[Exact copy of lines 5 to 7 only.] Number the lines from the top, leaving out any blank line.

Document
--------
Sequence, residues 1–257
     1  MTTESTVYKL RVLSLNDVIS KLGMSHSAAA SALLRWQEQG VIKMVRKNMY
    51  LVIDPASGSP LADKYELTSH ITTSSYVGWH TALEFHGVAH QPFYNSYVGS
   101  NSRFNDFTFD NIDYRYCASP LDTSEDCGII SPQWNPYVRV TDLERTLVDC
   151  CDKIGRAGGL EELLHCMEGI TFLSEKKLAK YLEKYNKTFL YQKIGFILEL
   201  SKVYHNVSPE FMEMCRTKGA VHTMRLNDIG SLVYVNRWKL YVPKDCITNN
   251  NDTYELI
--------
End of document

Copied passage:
   151  CDKIGRAGGL EELLHCMEGI TFLSEKKLAK YLEKYNKTFL YQKIGFILEL
   201  SKVYHNVSPE FMEMCRTKGA VHTMRLNDIG SLVYVNRWKL YVPKDCITNN
   251  NDTYELI